Table 3

Deterministic cost-effectiveness results—changing the cost of the graft


Total mean costs

Total mean QALYs

Incremental costs

Incremental QALYs

ICER (cost per QALY gained)





















Sensitivity analyses

Table 4 below presents the deterministic results assuming that if people need a knee arthroplasty they can have it at 45 years instead of 55 years as in our base-case model. This means that they have fewer years of symptoms and hence some QALY gain, but may have a higher TKA revision rate in later years. The results are in line with the base-case model—OCA is more costly but more effective than not having an OCA. The discounted incremental cost-effectiveness ratio is £5084.

Table 4

Deterministic cost-effectiveness results—knee arthroplasty at 45 years


Total mean costs

Total mean QALYs

Incremental costs

Incremental QALYs

ICER (cost per QALY gained)





















Table 5 below presents the deterministic results for revision OCA using data from Horton et al. [33]. For simplicity and because of the lack of data the cost-effectiveness model was re-run using the probabilities of OCA revision as the primary OCA. Again, results are in line with the base-case model; even though OCA is more costly, it is more effective than not having an OCA. The discounted incremental cost-effectiveness ratio is £6760 (nearly £2000 more than the base-case ICER). However, by generally accepted costs per QALY, this is still very good value. Caveats are required. The study by Horton et al. is small, and comes from one of the world centres of excellence in OCA. But even if the ICER was trebled, it would still fall below the threshold used by NICE in the UK as a guide to value for money.

Table 5

Deterministic cost-effectiveness results—survival rates from Horton et al. for second revision


Total mean costs

Total mean QALYs

Incremental costs

Incremental QALYs

ICER (cost per QALY gained)






















The results of OCA are generally good. In most cases, there are no other satisfactory options, because most subjects are too young for knee arthroplasty.

In all scenarios, OCA was cost-effective and sensitivity analyses confirmed the robustness of the model. The key cost driver was the cost of the graft but OCA was still cost-effective using the highest price.

The model does have a number of limitations. First, there were no long-term data on utilities, associated with OCA survival or failure. Second, our clinical experience for data on some resources was used in the model, for example, the number of post-operation outpatient visits and for the components of the non-operative package. Practice and, therefore, costs may vary. Finally, no account was taken of any costs to patients such as time off work and loss of pay (productivity).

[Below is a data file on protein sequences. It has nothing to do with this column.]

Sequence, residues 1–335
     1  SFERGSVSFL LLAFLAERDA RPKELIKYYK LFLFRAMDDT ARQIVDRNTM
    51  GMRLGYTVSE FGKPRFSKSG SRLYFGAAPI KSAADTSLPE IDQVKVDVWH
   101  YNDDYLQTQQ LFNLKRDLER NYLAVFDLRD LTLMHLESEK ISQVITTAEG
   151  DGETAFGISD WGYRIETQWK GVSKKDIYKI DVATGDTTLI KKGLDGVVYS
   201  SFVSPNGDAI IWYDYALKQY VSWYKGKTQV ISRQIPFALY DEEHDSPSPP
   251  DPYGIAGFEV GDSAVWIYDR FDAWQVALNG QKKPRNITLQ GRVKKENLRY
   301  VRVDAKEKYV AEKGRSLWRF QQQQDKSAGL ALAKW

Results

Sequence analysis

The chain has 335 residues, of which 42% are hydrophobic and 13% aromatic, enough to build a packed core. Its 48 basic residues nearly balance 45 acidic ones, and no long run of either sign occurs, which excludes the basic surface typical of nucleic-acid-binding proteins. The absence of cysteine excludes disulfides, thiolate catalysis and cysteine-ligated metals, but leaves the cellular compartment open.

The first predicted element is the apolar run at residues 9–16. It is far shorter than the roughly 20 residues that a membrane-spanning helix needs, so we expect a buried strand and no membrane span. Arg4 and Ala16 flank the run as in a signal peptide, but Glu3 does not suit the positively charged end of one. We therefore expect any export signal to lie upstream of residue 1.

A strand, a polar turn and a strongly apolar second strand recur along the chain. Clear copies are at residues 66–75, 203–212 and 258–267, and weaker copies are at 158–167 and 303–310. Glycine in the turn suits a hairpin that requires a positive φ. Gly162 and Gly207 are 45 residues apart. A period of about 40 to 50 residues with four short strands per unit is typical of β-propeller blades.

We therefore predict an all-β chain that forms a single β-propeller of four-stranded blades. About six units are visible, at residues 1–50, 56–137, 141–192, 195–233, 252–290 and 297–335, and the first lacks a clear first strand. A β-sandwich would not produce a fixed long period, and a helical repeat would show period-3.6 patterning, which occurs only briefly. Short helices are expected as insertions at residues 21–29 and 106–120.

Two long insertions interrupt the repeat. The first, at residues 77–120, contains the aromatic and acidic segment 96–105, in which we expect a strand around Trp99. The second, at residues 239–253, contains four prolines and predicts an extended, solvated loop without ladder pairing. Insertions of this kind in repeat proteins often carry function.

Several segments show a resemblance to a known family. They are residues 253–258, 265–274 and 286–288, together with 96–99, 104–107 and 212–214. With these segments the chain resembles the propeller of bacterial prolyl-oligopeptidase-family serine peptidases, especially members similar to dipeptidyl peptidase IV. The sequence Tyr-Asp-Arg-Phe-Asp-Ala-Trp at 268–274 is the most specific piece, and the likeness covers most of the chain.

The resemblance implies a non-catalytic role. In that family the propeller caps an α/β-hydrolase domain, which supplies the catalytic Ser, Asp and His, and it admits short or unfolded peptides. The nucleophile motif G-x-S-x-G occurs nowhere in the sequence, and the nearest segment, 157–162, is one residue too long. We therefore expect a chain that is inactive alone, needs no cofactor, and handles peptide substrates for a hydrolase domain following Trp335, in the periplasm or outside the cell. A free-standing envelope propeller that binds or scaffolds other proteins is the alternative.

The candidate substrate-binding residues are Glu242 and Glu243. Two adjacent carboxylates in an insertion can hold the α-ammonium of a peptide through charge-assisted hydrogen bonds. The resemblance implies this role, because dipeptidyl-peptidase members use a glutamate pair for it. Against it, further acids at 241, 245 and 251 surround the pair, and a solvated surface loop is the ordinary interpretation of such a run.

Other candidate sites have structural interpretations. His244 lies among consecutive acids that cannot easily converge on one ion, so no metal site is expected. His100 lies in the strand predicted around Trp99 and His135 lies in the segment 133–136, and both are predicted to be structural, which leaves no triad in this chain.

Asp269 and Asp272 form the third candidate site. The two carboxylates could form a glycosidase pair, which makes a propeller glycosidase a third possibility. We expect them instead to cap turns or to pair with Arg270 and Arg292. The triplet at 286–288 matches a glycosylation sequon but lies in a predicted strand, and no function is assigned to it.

However, the base-case cost per QALY of £4692 is considerably below the threshold of £20,000 commonly used by NICE, so even if some of the estimates were incorrect and the true ICER was twice that, OCA would still be highly cost-effective.

An arm with metal patches was considered, but it was decided that these were still experimental with insufficient data. A high revision rate was reported with the HemiCAP-Wave patch [39]. However, Becher and Cantillier [6] reviewed five other studies, wherein the revision rate was only about 10%. They reported the results of 169 HemiCAP implants, most successful. However, follow-up KOOS scores were given but not baseline ones, so the amount of benefit cannot be determined.

Data on a more recent device, the second version of the Episealer, are as yet sparse, with two published accounts with ten [61] and two [6] patients. However, such patches may be an option in future once more data are available. One problem with assessing such devices is that they continue to evolve and long-term results may come from superseded versions.


Osteochondral allograft transplantation appears highly cost-effective.

If a first OCA fails, a second, revision OCA also appears cost-effective, but this is based on only one small study.



Funding was provided by European Society of Sport Traumatology, Knee Surgery and Arthroscopy (ESSKA).

Compliance with ethical standards

Conflict of interest

The authors declare that they have no potential conflict of interest.

Ethical approval

This systematic review and economic analysis did not involve primary data collection from patients and as such research approval was not obtained.

Supplementary material

167_2019_5392_MOESM1_ESM.docx (105 kb)
Supplementary material 1 (DOCX 105 KB)


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Authors and Affiliations

  1. 1.Division of Health Sciences, Warwick Medical SchoolUniversity of WarwickCoventryUK
  2. 2.Warwick Clinical Trials Unit, Warwick Medical SchoolUniversity of WarwickCoventryUK
  3. 3.University Hospitals Coventry and WarwickshireCoventryUK
  4. 4.Effective Evidence LLPWaterloovilleUK